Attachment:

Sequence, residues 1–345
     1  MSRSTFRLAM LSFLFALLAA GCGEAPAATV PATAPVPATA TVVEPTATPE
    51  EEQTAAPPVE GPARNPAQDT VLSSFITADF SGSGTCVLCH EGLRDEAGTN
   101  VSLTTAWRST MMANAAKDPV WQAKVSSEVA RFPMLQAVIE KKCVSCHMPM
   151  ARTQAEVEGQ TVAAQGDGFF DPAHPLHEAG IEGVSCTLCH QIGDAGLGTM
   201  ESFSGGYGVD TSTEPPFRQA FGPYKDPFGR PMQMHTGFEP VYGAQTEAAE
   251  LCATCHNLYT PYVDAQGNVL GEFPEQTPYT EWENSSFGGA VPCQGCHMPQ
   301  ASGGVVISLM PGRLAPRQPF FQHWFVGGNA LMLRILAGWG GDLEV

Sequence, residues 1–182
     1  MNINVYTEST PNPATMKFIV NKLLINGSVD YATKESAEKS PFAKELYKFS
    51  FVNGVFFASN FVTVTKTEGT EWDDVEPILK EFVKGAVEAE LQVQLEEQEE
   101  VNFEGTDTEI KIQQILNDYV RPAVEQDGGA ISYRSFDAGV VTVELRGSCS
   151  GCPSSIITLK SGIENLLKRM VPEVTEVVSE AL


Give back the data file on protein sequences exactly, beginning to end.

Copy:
Sequence, residues 1–345
     1  MSRSTFRLAM LSFLFALLAA GCGEAPAATV PATAPVPATA TVVEPTATPE
    51  EEQTAAPPVE GPARNPAQDT VLSSFITADF SGSGTCVLCH EGLRDEAGTN
   101  VSLTTAWRST MMANAAKDPV WQAKVSSEVA RFPMLQAVIE KKCVSCHMPM
   151  ARTQAEVEGQ TVAAQGDGFF DPAHPLHEAG IEGVSCTLCH QIGDAGLGTM
   201  ESFSGGYGVD TSTEPPFRQA FGPYKDPFGR PMQMHTGFEP VYGAQTEAAE
   251  LCATCHNLYT PYVDAQGNVL GEFPEQTPYT EWENSSFGGA VPCQGCHMPQ
   301  ASGGVVISLM PGRLAPRQPF FQHWFVGGNA LMLRILAGWG GDLEV

Sequence, residues 1–182
     1  MNINVYTEST PNPATMKFIV NKLLINGSVD YATKESAEKS PFAKELYKFS
    51  FVNGVFFASN FVTVTKTEGT EWDDVEPILK EFVKGAVEAE LQVQLEEQEE
   101  VNFEGTDTEI KIQQILNDYV RPAVEQDGGA ISYRSFDAGV VTVELRGSCS
   151  GCPSSIITLK SGIENLLKRM VPEVTEVVSE AL